World War II bombers once roared through the Grand Canyon

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World War II bombers once roared through the Grand Canyon

‘Terrified visitors on the South Rim craned their necks to see what was coming’
Trained as a Navy pilot before joining the U.S. Marine Corps, Capt. David Gulliford flew a B-24 Liberator bomber below the rim of the Grand Canyon to practice landscape photography. He would use aerial reconnaissance skills against the Japanese in the South Pacific from a base on the Solomon Islands.
David Gulliford smiles in his flight suit. As the pilots left to fly over the Pacific, their equipment list included a parachute bag and harness, heated flying suit, helmet, ear phones, goggles, gloves, sunglasses, sleeping bag, pistol and knife, and a “Mae West” life jacket.
Capt. David Gulliford poses with his flight crew. While other bomber crews painted bombs on their planes’ fuselages to mark successful missions, the pilots of VMD-254 painted cameras on the outside of their B-24 Liberators.
Young Marine pilots stand beside the first B-24 bomber to arrive at Camp Kearny near San Diego. These planes had a notoriously poor safety record and hundreds crashed in the South Pacific. VMD-254 would become the first Marine photo squadron. The squadron’s goal was to quickly make photo mosaic maps before land invasions by U.S. Marines.

World War II bombers once roared through the Grand Canyon

Trained as a Navy pilot before joining the U.S. Marine Corps, Capt. David Gulliford flew a B-24 Liberator bomber below the rim of the Grand Canyon to practice landscape photography. He would use aerial reconnaissance skills against the Japanese in the South Pacific from a base on the Solomon Islands.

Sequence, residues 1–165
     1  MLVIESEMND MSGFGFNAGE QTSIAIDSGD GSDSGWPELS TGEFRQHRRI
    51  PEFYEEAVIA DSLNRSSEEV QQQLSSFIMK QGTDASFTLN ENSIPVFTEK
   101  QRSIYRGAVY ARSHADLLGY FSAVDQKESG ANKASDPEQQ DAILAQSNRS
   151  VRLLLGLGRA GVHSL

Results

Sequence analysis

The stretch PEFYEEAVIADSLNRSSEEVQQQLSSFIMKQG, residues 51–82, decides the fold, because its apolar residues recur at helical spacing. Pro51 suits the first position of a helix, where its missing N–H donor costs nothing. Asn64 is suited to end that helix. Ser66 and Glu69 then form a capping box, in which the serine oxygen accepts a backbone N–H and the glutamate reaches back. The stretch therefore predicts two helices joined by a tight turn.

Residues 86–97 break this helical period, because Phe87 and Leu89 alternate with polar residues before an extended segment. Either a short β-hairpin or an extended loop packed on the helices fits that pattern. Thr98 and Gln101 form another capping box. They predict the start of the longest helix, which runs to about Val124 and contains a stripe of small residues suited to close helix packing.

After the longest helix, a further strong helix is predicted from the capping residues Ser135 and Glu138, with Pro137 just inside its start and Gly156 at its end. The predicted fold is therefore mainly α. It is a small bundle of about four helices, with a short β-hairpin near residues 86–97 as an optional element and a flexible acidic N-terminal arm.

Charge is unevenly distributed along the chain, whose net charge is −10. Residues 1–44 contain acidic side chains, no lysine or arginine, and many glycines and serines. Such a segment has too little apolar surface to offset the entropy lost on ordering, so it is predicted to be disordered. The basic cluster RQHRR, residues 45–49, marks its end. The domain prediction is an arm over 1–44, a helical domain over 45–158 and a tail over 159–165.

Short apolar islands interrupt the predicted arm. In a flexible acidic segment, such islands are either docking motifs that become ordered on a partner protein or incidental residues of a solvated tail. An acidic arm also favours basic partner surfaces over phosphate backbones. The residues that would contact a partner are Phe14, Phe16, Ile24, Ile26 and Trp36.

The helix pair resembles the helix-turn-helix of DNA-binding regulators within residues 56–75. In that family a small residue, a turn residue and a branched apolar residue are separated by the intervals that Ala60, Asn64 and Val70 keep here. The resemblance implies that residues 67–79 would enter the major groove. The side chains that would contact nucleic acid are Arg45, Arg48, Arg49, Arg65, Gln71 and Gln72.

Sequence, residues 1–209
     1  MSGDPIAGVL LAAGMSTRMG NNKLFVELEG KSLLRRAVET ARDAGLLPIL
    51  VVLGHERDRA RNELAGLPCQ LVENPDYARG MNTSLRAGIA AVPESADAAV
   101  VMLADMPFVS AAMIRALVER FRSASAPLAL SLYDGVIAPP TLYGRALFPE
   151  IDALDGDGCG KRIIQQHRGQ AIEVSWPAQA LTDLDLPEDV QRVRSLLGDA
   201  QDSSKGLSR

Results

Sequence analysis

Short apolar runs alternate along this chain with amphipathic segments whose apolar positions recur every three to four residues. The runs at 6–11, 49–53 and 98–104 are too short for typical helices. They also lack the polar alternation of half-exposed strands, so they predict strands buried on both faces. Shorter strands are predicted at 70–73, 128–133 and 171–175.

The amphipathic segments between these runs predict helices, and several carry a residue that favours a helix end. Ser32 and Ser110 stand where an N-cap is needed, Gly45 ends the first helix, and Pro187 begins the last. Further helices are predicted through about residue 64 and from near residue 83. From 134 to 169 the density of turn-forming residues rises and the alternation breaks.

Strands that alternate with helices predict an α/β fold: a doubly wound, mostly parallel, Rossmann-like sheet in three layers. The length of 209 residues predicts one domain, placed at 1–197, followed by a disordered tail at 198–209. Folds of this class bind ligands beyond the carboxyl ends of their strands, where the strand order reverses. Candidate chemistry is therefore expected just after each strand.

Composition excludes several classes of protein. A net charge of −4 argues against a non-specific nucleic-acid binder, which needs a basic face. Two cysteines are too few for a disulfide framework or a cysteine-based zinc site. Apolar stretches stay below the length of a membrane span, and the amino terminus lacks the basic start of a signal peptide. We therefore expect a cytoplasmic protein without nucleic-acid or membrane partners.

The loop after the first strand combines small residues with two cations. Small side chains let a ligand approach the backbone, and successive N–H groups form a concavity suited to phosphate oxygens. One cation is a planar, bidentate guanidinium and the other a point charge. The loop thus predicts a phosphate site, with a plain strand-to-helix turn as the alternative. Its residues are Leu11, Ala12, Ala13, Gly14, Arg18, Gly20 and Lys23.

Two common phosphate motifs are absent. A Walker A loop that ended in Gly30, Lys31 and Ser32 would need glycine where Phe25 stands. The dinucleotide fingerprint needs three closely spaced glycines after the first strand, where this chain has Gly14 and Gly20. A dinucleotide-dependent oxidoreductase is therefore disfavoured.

David Gulliford smiles in his flight suit. As the pilots left to fly over the Pacific, their equipment list included a parachute bag and harness, heated flying suit, helmet, ear phones, goggles, gloves, sunglasses, sleeping bag, pistol and knife, and a “Mae West” life jacket.
Capt. David Gulliford poses with his flight crew. While other bomber crews painted bombs on their planes’ fuselages to mark successful missions, the pilots of VMD-254 painted cameras on the outside of their B-24 Liberators.
Young Marine pilots stand beside the first B-24 bomber to arrive at Camp Kearny near San Diego. These planes had a notoriously poor safety record and hundreds crashed in the South Pacific. VMD-254 would become the first Marine photo squadron. The squadron’s goal was to quickly make photo mosaic maps before land invasions by U.S. Marines.

World War II bombers once roared through the Grand Canyon

Top center, David Gulliford is photographed with the valuable aerial maps that the photo squadron VMD-254 created. Photographer and fellow Marine David Douglas Duncan took this image. He would become one of the top combat photographers of the 20th century, shooting dramatic images in Korea and the Vietnam War and also befriending and photographing Pablo Picasso.

World War II bombers once roared through the Grand Canyon

Courtesy of Andrew Gulliford

In their wedding photograph, Mildred Jellis stands beside her husband, David Gulliford. They married as soon as he was commissioned as a pilot and an officer. Against her parents’ wishes, she took a long, lonely train ride from Winona, Minnesota, to Corpus Christi, Texas, to be with the man she loved.
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